Voices | Let us curb our appetite for chaos

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The ANCYL members who marched to Luthuli House to dissolve the ANCYL NEC. Photo: Collen Mashaba
The ANCYL members who marched to Luthuli House to dissolve the ANCYL NEC. Photo: Collen Mashaba

VOICES


Fresh from the escapades of the July insurrection and looting spree, South Africa has since been busy with toxicity and chaos – using social media to fan the flames.

A few weeks ago, the last apartheid president passed away and racial tensions were pre-1994 fever pitch once again. It is a fact that South Africa is going through its most politically turbulence in the post-apartheid era. It’s always a trigger away from chaos.

READ: How political parties blundered ahead of a crucial election

The ANC, the heart and soul of the country, is self-destructing without provocation. This is an organisation that diligently rescued South Africa from the brutal and murderous talons of the apartheid monster. Yes, the ANC is an organisation that cannot be easily dislodged from the hearts of the vast majority of this country.

So loyal are South Africans to the ANC that they would rather not vote rather than to vote against the ANC.

They cannot see themselves outside the ANC which has delivered the unimaginable in its prime and society just cannot forget.

Zandile Gumede, a notable erstwhile leader of the movement in the eThekwini region, once remarked – admittedly with a measure of hubris – that the ANC was bigger than South Africa.

READ: Corruption the focal point in eThekwini

Many rebuked that statement as fallacious but events have proven that to be sadly true. Whenever the ANC has coughed the country has caught a fever. Everything happening in the country today is divided along ANC factional lines.

The governing party has failed to deal with its factional battles.

FW de Klerk’s death was expectedly divisive and racially explosive but was the name-calling and malicious association necessary?

READ: Modidima Mannya | De Klerk Foundation is forcing us to speak ill of the dead

At a time leaders of the party were supposed to be providing support and possible remedies for past hurt to apartheid victims but they resorted to the adolescent trap of harmful sarcasm, losing the opportunity to make a difference.

Archbishop Emeritus Desmond Tutu left us for a higher calling last month. Considering the insults that have been thrown at him since his death, we have to ask:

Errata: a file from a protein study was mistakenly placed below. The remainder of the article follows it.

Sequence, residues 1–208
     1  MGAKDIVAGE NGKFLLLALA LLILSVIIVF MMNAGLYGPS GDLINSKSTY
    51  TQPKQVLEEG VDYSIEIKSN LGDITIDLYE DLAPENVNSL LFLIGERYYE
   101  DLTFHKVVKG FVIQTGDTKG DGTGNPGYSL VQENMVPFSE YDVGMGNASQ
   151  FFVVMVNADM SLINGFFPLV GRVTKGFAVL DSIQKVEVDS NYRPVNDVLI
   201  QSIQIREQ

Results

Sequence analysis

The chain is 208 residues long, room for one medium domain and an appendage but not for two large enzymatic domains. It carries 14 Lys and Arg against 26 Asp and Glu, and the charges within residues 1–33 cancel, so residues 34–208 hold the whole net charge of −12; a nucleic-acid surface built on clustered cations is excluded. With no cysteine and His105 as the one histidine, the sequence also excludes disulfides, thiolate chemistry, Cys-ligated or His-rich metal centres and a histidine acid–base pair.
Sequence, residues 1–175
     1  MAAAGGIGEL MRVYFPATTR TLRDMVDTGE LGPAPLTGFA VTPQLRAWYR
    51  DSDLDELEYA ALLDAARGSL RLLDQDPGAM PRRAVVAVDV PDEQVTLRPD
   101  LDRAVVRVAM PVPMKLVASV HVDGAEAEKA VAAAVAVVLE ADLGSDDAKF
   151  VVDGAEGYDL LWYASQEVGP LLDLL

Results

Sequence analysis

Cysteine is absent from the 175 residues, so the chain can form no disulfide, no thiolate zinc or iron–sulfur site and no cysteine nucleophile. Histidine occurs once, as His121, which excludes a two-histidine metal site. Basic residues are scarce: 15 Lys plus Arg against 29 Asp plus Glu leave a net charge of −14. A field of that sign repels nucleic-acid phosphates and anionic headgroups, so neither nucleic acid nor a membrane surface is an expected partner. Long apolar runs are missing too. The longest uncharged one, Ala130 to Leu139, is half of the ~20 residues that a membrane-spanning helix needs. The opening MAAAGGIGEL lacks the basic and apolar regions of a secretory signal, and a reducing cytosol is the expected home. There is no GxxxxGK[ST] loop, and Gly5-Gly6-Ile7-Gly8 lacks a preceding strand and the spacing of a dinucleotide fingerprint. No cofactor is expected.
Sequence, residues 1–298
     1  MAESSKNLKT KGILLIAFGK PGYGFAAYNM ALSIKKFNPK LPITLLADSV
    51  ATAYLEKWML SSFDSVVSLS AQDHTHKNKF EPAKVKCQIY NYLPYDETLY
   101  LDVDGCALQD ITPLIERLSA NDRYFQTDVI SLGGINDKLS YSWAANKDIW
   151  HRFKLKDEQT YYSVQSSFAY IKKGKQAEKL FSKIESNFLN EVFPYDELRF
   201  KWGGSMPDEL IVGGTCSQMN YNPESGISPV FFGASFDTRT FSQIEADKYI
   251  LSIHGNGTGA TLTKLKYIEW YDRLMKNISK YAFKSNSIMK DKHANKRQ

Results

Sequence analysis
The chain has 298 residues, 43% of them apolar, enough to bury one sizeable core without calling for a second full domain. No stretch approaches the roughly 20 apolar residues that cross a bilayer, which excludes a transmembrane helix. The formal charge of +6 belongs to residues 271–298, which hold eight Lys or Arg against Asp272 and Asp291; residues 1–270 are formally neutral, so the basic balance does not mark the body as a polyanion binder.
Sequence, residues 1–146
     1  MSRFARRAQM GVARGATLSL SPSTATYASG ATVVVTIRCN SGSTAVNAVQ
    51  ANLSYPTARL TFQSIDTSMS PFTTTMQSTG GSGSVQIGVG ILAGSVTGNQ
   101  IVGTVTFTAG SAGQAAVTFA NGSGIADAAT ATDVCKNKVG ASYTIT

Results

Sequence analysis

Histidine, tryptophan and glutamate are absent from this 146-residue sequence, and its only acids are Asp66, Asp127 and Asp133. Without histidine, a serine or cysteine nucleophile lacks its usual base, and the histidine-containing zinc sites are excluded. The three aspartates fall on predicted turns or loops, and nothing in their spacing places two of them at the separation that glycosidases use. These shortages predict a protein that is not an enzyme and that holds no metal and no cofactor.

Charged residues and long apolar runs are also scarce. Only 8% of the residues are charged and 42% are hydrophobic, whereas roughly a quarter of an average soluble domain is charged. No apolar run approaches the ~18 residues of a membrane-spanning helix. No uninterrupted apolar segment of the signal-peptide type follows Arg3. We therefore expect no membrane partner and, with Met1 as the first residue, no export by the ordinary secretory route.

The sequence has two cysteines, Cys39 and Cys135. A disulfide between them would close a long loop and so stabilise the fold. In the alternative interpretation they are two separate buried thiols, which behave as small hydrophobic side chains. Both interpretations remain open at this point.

how indecent is South Africa today to a man who stood firm and did not run away from the terrifying might of the apartheid regime?

Here is a man who dared the dogma of Christianity and stood with the alienated and disposed LGBTIQ+ community. What more could he have done? He risked his standing in the clergy to transform Christianity into a home for everybody who sought healing.

READ: Vusi Shongwe | Even in heaven, Tutu might just protest

When did he ever discount the truth? With Thabo Mbeki he was unforgiving, with Jacob Zuma he was as loud in condemning wrongdoing and he was brutal in his condemnation of the late Robert Mugabe.

Billionaire entrepreneur Strive Masiyiwa has referred to the Arch as the most fearless man he has ever known. Is it the testimony to the biblical adage that a saviour is never appreciated in his homeland?

READ: How Tutu’s family started planning for life after his death six years ago

The extremity of the insults aimed at the Arch are uncomfortable. He might have been a bishop but he also had his mistakes, like all of us. He lived among us and was showered with praise.

Where was the conviction of his anti-revolutionary stature when he was alive? How deplorable would you have to be to wait for one’s death to insult him?

It was so sad to witness individuals who in the yesteryear went to extreme lengths taunting the world inspiring idea of a “rainbow nation” now turning against it. What is shocking more is that the people at the centre of sowing divisions are by their own conviction revolutionaries.

Parliament went up in flames this week. That inferno has opened another diabolical episode of toxicity. Some of the comments attributed to people society expects so much from are disgustingly vile. In the public sphere the abhorrent comments are always divided along the lines of ANC factions.

READ: Parliament fire | Zandile Mafe a scapegoat, real perpetrator still out there – suspect’s family

The appetite for chaos some of our leaders have is a huge cause for concern as it is a risk to the stability of the state. The obscene celebrations of the destruction and advocacy for disruption needs to be attended to.

The insults that dominate the current discourse are sickening.

Mutema is an economist and political analyst


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